Distributed beats centralised. Diversity beats a mono-culture. Consensus beats confrontation. Local beats distant. Resilience means power storage, to build in tolerance. It means smart grids, to match supply and demand. It also means future-proofing the design and location of assets.
Where the old mentality was about optimization, the new one will be redundancy and fault-tolerance.
2. Optionality
This is about utilities hedging their bets, leaving themselves options rather than locking into a few huge, capital-intensive, one-way bets (like, say, a $6.85 billion nuclear plant). By diversifying investments and breaking them into smaller increments, they can hedge their bets against unexpected changes in “technology, policy, regulation, economics, or environment.”

… an electric utility or a fuels distribution company is fundamentally a provider of energy and related services, and not just a coal generator or a gas burner. Optionality allows a company to embrace new opportunities first at the margin, but eventually at the heart of operations. Most century-old firms know this already, as do all technology companies. Today, IBM is a services company; Apple a consumer devices and services company. Asking the counterfactual “what would they be if they still made only mainframes or iMacs?” gives a simple answer: they would be out of business. Energy is a service to meet a need. As technical and societal needs change, so must the service, and that means portfolio options.
As I’ve said before, this shift is going to unleash powerful market forces. One electron or gallon of fuel is like another; insofar as energy providers compete, it is purely on price. But when it comes to energy services (heat and cooling, emergency backup, transportation, etc.), there’s much more differentiation possible, and thus much more competition. Where there is more competition, there is more innovation.
3. Intelligence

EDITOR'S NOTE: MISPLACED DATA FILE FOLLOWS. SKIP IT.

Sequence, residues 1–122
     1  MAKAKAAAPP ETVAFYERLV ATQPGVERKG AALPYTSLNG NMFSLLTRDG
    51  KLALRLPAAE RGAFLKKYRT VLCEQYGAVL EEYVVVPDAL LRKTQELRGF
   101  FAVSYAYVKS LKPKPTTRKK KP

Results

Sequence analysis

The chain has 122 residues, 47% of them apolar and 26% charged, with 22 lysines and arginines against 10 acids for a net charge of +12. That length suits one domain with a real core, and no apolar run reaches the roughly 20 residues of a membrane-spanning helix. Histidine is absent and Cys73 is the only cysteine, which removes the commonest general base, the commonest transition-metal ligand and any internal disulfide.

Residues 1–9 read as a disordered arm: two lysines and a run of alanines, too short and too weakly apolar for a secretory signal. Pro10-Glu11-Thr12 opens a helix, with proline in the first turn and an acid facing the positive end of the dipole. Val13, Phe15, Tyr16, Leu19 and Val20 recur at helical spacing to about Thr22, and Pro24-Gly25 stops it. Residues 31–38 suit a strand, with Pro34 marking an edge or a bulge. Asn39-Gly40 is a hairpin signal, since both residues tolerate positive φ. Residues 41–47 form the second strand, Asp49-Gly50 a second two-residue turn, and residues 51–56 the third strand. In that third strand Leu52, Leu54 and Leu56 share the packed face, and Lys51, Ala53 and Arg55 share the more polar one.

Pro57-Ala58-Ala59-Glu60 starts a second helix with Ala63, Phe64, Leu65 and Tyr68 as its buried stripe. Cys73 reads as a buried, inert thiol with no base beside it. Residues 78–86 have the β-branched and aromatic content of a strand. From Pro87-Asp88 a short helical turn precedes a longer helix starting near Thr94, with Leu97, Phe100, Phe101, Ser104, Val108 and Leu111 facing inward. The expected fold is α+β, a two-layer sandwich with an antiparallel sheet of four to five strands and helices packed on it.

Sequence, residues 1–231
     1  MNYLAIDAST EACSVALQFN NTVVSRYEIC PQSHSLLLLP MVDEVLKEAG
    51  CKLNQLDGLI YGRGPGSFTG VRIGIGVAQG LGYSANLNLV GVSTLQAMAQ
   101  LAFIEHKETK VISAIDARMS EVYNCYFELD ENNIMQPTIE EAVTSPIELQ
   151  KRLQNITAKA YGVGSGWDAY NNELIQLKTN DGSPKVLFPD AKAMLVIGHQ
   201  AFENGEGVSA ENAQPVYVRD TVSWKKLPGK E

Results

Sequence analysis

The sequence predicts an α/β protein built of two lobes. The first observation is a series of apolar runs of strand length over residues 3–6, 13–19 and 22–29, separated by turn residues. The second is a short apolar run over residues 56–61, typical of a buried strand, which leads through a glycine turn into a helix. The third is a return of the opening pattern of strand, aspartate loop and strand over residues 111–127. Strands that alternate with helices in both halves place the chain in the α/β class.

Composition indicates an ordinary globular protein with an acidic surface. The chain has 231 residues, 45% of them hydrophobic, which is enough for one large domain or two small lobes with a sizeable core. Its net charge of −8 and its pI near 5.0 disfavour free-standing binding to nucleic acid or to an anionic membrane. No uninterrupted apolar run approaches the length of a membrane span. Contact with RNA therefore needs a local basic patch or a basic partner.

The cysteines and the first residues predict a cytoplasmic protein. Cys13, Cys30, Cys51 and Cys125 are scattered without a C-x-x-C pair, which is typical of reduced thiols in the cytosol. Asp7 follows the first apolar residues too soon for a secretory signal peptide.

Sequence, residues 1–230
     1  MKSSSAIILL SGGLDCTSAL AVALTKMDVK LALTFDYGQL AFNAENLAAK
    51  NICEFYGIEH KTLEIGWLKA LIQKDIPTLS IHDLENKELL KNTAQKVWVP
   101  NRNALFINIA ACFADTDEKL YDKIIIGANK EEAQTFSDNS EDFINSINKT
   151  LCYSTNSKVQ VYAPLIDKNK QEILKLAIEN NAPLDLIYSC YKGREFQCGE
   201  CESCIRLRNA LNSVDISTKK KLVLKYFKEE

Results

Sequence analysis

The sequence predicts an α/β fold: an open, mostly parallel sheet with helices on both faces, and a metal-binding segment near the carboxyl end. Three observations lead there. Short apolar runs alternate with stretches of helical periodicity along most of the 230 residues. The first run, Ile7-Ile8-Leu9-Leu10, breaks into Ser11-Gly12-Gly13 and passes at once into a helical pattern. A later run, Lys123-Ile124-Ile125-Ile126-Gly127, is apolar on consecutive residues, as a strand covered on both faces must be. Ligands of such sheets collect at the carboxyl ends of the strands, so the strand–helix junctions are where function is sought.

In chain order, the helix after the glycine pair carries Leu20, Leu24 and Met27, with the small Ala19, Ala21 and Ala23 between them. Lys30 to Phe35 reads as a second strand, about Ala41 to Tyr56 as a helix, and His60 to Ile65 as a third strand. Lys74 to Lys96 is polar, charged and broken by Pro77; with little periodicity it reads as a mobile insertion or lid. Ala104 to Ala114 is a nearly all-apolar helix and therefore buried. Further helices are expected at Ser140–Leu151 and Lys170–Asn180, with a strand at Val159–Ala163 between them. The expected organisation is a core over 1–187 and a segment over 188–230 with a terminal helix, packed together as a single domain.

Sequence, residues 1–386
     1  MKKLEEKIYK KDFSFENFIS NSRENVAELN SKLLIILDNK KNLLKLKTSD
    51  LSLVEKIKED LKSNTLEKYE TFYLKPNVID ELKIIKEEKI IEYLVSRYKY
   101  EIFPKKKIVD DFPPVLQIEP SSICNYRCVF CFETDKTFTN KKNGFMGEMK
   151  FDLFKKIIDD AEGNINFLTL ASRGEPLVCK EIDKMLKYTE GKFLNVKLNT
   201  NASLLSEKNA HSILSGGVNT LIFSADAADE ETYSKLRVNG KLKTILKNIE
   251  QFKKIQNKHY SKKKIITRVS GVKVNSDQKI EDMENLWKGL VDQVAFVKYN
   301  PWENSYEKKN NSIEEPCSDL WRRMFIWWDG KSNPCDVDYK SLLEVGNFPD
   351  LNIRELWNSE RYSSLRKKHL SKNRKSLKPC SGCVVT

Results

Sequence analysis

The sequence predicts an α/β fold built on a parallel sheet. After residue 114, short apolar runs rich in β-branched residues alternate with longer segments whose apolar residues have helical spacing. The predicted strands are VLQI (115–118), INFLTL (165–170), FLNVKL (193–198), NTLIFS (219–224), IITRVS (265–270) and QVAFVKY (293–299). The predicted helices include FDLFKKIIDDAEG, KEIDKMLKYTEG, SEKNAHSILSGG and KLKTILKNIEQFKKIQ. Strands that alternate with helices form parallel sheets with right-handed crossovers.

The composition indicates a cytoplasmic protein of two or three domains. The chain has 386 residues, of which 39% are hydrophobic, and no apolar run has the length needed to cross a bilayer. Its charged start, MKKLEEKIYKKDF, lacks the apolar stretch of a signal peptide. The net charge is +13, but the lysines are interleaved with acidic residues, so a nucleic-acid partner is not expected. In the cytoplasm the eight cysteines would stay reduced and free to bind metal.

This is not only about getting the best information — which is harder than you’d think for energy investors — but about the many ways now possible to get more information and pull meaning out of it.

Intelligence is also about collecting, analysing and harnessing data that is several orders of magnitude beyond what was available to energy companies in previous decades. GE chief executive Jeff Immelt recently referred to the emerging world of connected, sensor-imbedded machines and the processing power to analyse it as the “Industrial Internet”. Energy efficiency software applications are allowing building owners to optimise consumption and control costs with greater granularity than ever before. Smart meters make possible the use of detailed information on which consumers use electricity when, and offer the opportunity to shape their consumption habits over time. Smart grid sensors and analytics software allow utilities to pinpoint and correct faults, and optimise energy networks in response to real-time conditions. Opportunities for new intelligence range from managing grid losses to predicting renewable and distributed generation performance, from pricing strategies and maintenance schedules to arbitrage opportunities. Ultimately, new connected and intelligent capacities allow us to, in Immelt’s words, to “find meaning where it did not exist before”. And not only meaning: value.
That the key: To pull meaning from data, and value from meaning. I am reminded of something Bill Gross — inventor, entrepreneur, and head of eSolar among other companies — is fond of pointing out: The cost of almost every industrial commodity is rising. Copper, steel, aluminum, concrete, you name it. The one thing that’s steadily getting cheaper is computing power. So they key to getting ahead in the market is substituting computing power for other commodities by making systems smarter and leaner. The more you can do that, the more you can get off the downslope of the Hubbert curve and onto the upslope of Moore’s Law.